As with all intellectual endeavors, you must begin by acknowledging and stating your assumptions.  For this work, mine is simply the firm belief that war is much greater an aspect of human consciousness than the unresolvable human differences which we perceive in this world.  I feel that the root cause of the conflicts in our lives lies not in geopolitics, economic competition, or resource scarcity but within the collective lens though which we view our human experience.  By choosing to look at our world through the lens of fear over love, duality and separateness over unity and connection, and tribe and nation over collective whole we are creating our own enemies and threats within the darkest corners of our own minds and hearts.  We view our “others” as true outsiders who must be dealt with rather than exact copies of ourselves simply living out a different human experience.  And we develop our own wars and conflicts out of the delusional perceived necessity to protect ourselves from the demons we have invited into our reality.

So what path must we take to break this cycle?  What new directions can we travel?  I believe the first step must necessarily lead us to acknowledge the existence of our own inner and collective demons.  We must release ourselves from the burden of fear and gaze into the darkest corners of our human experience with open eyes.  We must open our little book of secrets, pour our skeletons out of the closet, and allow our children and ourselves to view every aspect of our dark and messy history amid the light of day, without judgment or attachment.  While this experience may be quite traumatic and frightening at first, we must only remember that the only demons we find are the ones we brought into existence ourselves.  And as we gave birth to them in our collective consciousness, so can we destroy them…

The next course we must take lies on the path to fully and completely understanding our world and our reality.  Although we exist within and experience this world our entire lives, most of us only hold a superficial understanding of our reality’s inner workings.  Freed from the chains imposed on us by our psychological demons we need to take the time to more fully and completely explore our human experience.  We need to marry our science with our spirituality, our physics with our philosophy, and our arts with our structures of governance and economics.  We need to break our echo chambers of specialization and open them up to a complete discourse on human experience.  And we need to devote our energies towards imagining, operationalizing, and creating the future our children will soon inherit…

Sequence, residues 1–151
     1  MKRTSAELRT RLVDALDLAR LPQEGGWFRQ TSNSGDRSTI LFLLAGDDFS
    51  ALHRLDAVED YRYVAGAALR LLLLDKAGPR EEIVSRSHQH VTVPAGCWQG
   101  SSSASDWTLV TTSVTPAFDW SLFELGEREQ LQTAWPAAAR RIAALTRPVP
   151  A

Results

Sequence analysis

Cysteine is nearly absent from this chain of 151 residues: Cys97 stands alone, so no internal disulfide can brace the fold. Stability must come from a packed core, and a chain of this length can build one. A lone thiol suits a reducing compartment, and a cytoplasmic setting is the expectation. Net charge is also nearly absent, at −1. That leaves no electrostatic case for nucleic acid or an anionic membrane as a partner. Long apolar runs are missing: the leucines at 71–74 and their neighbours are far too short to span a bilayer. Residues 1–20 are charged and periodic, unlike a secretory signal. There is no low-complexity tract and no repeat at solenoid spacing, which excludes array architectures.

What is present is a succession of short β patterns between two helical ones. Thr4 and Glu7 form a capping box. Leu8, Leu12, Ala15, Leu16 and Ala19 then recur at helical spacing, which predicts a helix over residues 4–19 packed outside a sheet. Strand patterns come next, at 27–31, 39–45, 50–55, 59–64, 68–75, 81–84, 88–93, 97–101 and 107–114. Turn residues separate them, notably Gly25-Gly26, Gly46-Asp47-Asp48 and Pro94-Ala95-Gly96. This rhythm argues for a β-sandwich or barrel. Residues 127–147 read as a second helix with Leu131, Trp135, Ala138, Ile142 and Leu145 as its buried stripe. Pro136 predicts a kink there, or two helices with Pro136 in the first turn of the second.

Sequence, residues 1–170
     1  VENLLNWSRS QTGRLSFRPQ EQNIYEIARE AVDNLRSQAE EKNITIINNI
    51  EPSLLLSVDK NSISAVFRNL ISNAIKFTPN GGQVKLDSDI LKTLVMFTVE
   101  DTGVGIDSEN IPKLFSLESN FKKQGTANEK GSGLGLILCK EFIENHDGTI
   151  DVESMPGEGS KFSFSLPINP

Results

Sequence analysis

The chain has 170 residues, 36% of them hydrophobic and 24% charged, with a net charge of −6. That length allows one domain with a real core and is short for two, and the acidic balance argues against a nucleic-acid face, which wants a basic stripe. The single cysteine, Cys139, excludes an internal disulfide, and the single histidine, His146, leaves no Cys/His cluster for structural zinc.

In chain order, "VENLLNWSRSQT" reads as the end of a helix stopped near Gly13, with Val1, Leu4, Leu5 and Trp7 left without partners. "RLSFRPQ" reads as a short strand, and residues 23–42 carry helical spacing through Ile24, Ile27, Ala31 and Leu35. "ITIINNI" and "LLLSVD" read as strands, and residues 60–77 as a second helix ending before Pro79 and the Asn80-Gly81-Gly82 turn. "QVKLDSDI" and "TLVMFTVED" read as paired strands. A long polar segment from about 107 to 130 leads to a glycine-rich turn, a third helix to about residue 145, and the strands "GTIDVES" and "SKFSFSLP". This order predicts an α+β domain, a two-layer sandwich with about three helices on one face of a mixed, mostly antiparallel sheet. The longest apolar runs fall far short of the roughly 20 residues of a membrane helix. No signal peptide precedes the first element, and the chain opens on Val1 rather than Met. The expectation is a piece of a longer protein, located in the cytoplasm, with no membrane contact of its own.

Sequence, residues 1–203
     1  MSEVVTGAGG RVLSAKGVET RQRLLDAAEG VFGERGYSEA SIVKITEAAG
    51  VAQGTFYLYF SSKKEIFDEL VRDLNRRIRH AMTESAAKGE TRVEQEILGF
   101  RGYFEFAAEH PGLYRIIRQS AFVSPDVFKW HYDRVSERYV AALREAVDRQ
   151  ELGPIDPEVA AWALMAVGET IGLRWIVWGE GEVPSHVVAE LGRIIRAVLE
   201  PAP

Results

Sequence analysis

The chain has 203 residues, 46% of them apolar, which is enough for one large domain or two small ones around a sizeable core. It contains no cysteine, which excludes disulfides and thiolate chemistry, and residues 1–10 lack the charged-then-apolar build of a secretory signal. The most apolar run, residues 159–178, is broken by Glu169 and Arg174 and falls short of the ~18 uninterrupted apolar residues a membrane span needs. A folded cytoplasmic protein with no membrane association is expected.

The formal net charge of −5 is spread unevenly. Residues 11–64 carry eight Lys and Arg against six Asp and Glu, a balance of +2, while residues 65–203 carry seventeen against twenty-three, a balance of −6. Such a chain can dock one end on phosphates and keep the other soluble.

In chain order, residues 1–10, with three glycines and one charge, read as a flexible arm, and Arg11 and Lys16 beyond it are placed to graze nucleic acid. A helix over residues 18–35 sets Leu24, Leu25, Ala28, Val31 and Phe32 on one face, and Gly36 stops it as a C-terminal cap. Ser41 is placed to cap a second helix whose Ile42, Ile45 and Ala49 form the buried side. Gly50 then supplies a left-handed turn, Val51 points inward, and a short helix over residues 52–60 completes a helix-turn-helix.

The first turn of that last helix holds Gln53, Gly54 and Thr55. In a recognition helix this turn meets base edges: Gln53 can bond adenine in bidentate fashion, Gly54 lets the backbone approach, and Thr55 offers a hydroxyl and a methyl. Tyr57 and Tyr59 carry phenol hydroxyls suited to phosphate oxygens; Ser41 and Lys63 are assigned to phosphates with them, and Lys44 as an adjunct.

And finally, we need to teach ourselves, our friends, and our children to follow the enduring light of love.  Love is a funny word in our society as many of its connotations often imply the very opposite of its deeper meaning.  We use it to identify our feelings of attachment to other people and things.  We identify it with our more lustful feelings and needs for intimacy in the continuation of our species.  And we often throw it around in our times of greatest emotional uncertainty lacking either the lexicon or commitment to adequately explain ourselves.  In its essence however, love is the concept of unity, the resonant frequency of our universe through which all came from a single source regardless of scientific or spiritual beliefs.  Love is the embodiment of that old Mayan saying “In La’Kesh” (I am another you, and you another me).  It is what we might call Christ Consciousness, Nirvana, or Enlightenment, the universal respect for and connection to all things and all conscious beings.  Love is enduring, it is timeless, and it is indeed the most powerful force in this universe.  And so, as we see to remove the effects war from our human consciousness, we need only replace it with the consciousness of love…

Someday I hope that we might learn to see this day of armistice in a new light.  Rather than a day of accepting the permanence of our wars, I hope that we might finally shoulder our burden and begin the work of enduring peace.  And I hope that I may one day earn the privilege of finally putting down my arms and teaching my children the ways of peace.  Though the path may be rough at times, by walking it together there is no limit to the amazing experiences we can have along the way.  Thank you for your time, go with love, find peace in your heart, and I look forward to sharing our final armistice with you.  In Love and In La’Kesh.

Cheers,

Brian

9 NOV 2013, 2300(L), Raeford, NC, USA

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About briangdonnelly

I'm pretty much a random traveler and free thinker. Right now I live and work with the Army in North Carolina. I grew up in Missouri but am from the northeast US and have traveled a lot with the Army and life in general so I can't say I really have a "home" except where I chose to catch a few hours or rack each day. Overall, life is pretty awesome and I'm looking forward to changing the world. Hit me up if you care... Peace, Brian